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Allison Janney.

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Allison Janney on Sundance, Learning Reiki, and Wanting a TV Show

Allison Janney had supporting roles in two Sundance movies this year — and, as usual, she managed to steal the spotlight left and right: In The Way, Way Back, written and directed by Jim Rash and Nat Faxon, she plays a loose-lipped, booze-swilling single mom who spends the summer with family at the beach (Steve Carell plays her brother). In Lynn Shelton's Touchy Feely, she plays a Reiki master who offers sage advice to her dispirited friend (Rosemarie DeWitt); her improvised Reiki scene is a hoot to behold. We spoke with Janney about the two very different parts, her towering height, and what she really thinks of Reiki.

Hi, Allison, how are you?
I'm, well, sick. I'm on my way to the doctor to find out why I can't get rid of this thing, but I have a feeling being at Sundance and getting four hours of sleep a night might have something to do with it.

You play a Reiki master in Touchy Feely. Did you observe any Reiki masters to play the role?
When Lynn asked me to do this, I said, "Okay, full disclosure: I cannot stand Reiki therapy myself." I've never gotten it; it's just a little mumbo-jumbo, hocus-pocus for me. I don't buy into it for some reason. I want to. I really want to, but I can't somehow. I get almost anxiety-ridden because I'm like, "Just touch me! You've got to touch me!" And so I did — I went to some lovely Reiki people who I really enjoyed. It was nice to play someone who was very centered and calm. I mean, she was one of the only characters in a movie of people very uncomfortable in their own skin.

Your scene with Josh Pais was hilarious when you're trying to make him feel less nervous at his first Reiki session. How did you approach that?
That was so much fun to have an activity like that with someone like Josh, who's not afraid to go all the way with his choices. He was so committed to being uncomfortable and nervous, all I had to do was put my attention on him and really try to get him to relax and use all the things that I've heard in my lifetime of people trying to get me to relax. That was the one great improv that came out of that. I always, in my real life, try to go to some place that makes me feel safe or comfortable. You know, on a beach or somewhere. So I was trying to get him to [go there]. “Let's think about where you feel most comfortable." And then Josh finally says, "The office.” Which was so funny because I was like, "Well, why don't we try to get you out of the office." And he's like, "No, I like the office." "Okay, well, where in the office are you sitting?" It was hysterical.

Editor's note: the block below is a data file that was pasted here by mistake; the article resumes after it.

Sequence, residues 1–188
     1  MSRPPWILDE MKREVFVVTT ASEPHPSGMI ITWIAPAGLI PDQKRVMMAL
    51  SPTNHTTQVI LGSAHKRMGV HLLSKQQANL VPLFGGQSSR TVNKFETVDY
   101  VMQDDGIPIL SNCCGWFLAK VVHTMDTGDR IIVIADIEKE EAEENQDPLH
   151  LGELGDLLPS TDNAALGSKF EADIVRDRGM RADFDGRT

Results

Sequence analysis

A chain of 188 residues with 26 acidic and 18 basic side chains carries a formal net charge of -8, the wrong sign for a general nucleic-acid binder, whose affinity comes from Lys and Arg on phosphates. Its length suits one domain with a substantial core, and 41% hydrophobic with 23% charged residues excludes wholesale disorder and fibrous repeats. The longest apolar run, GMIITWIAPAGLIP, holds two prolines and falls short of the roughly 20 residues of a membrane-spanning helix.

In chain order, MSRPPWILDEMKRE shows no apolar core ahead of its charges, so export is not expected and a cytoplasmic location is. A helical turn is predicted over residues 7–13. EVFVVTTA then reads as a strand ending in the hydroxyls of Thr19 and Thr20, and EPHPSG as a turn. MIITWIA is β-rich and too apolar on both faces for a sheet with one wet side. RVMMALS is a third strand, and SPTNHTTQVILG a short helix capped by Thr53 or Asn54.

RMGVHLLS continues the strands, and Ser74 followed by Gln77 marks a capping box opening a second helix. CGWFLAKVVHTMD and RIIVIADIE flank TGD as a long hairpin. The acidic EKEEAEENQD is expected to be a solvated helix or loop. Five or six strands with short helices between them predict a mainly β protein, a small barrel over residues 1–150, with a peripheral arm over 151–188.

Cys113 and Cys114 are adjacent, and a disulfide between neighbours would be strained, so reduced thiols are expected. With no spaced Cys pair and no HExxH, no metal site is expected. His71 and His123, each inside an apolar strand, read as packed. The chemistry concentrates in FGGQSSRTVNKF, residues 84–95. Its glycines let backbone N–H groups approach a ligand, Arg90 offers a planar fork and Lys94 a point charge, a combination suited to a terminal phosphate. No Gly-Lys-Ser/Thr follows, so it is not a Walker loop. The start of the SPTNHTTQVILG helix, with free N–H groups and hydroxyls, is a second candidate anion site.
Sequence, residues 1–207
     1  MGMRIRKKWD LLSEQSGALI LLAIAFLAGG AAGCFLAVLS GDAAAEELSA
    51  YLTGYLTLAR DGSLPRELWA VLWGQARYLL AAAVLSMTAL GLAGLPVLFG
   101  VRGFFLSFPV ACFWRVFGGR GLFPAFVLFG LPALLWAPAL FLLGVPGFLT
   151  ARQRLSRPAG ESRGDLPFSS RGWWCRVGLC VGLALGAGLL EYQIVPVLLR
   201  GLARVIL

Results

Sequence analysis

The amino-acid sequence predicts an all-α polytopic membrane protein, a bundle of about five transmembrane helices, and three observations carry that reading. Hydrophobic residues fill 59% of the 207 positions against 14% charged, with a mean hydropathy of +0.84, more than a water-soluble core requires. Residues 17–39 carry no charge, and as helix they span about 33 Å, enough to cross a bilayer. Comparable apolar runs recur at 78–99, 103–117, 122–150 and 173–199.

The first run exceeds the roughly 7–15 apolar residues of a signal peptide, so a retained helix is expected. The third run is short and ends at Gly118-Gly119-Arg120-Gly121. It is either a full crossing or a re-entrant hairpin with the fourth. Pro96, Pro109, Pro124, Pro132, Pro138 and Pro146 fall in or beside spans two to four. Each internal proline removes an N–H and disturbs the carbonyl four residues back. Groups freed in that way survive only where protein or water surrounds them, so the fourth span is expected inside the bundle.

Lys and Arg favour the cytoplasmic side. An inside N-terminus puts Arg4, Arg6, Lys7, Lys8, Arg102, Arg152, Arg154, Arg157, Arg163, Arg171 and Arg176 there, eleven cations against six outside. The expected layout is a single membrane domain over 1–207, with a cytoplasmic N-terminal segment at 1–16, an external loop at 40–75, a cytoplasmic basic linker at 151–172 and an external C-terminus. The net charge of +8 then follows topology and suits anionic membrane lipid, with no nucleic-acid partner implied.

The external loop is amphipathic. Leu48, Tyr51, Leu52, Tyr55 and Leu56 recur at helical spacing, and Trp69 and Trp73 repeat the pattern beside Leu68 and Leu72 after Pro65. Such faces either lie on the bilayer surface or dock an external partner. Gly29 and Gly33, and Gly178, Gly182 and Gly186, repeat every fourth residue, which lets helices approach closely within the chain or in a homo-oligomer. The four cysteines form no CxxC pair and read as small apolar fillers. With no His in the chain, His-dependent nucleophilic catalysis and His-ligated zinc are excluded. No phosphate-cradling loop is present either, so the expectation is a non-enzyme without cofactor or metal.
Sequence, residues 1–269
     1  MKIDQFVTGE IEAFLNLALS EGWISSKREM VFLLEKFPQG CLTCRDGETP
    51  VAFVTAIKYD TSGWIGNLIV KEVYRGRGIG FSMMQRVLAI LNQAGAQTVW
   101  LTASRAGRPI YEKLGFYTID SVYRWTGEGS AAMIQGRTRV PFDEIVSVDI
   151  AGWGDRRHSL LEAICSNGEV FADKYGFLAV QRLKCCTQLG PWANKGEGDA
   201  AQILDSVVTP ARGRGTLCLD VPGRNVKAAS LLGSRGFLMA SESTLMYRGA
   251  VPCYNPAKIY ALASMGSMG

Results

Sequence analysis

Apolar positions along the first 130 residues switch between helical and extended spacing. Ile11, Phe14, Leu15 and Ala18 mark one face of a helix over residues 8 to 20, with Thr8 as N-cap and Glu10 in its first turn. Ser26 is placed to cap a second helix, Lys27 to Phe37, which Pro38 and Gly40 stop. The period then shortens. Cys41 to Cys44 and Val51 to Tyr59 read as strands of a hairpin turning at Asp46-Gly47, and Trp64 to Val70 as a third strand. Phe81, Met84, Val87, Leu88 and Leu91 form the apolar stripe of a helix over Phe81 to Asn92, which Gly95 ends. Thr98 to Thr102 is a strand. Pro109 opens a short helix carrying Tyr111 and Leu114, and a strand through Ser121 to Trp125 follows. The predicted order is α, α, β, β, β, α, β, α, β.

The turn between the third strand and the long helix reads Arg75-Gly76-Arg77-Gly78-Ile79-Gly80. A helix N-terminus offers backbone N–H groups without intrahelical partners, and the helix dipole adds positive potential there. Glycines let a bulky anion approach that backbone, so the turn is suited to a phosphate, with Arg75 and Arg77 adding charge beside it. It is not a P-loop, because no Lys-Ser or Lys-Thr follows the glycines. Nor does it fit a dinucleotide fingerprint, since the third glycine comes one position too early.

And then of course your role in The Way, Way Back was totally different. You play a booze-swilling mom who says inappropriate things all the time. Did you base her on anyone in particular?
Probably what I hope I don't turn into. She's a nightmare! I do have lots of people in my life who don't have boundaries, and it's always so curious to me, those kinds of people that just don't get it. Like, are you serious? How can you not know that it's inappropriate for you to barge in here and invite yourself somewhere? I just think it's so funny, those people that don't have edit buttons.

Your character is so mean to her kids. Was that fun for you to play, even though you wouldn't want to be that kind of mother?
Well, you know, it was shocking on the page. I was like, "Really? Did she really say that? That's so mean!" But I made choices in the scene. Like, no matter how outrageous the thing I said, I would always just go in and kiss [my son] River or hug him. You know, I tried to put the physical love in there. I wanted to make sure that the audience saw that she is not without love for her children. She does adore them and love them and need them.

How tall are you?
I'm six feet. Five foot twelve is my joke, but I'm six feet, yeah. Most people are not as tall as I am so I'm always either, you know, wide-leg stance with a knee bent or, you know, the kind of splayed legs.

Has that ever been an issue as far as interacting with other actors who are way shorter than you?
No, I mean, sometimes people love to take advantage of that. Aaron Sorkin wrote one of the funniest lines for me and Kristin Chenoweth [on The West Wing]. We were in a scene together, doing a walk-and-talk. I think at first they made me have my shoes on and took Kristin's off, and I look down at her and I said, "I can't believe we're even in the same species." So people like to take advantage of it for comedic reasons. Anyone who hires me is very aware of my height and doesn't have a problem with it.

You seem to be an actor that's constantly busy. Do you feel pretty comfortable where you are, or do you still have a fear that jobs will stop coming?
No, I've always had [that fear]. I always worry that there's not going to be another thing. I mean, I always know that there will be, eventually, but I get nervous. That's what this business is all about, unfortunately. I don’t think there's anyone who doesn't get nervous about whether there's going to be a next. I personally would love to find a television show to be on for a while, because I've got a nice home here and I've got three dogs. I've gotten to the point in my life where it’s just nice to have a little consistency and work from home and not travel around so much. This whole summer I worked on a lot of indie movies and was, you know, sharing bathrooms with actors. They're just like summer camps, which was really fun, but I need to make some money and be at home for a little bit.

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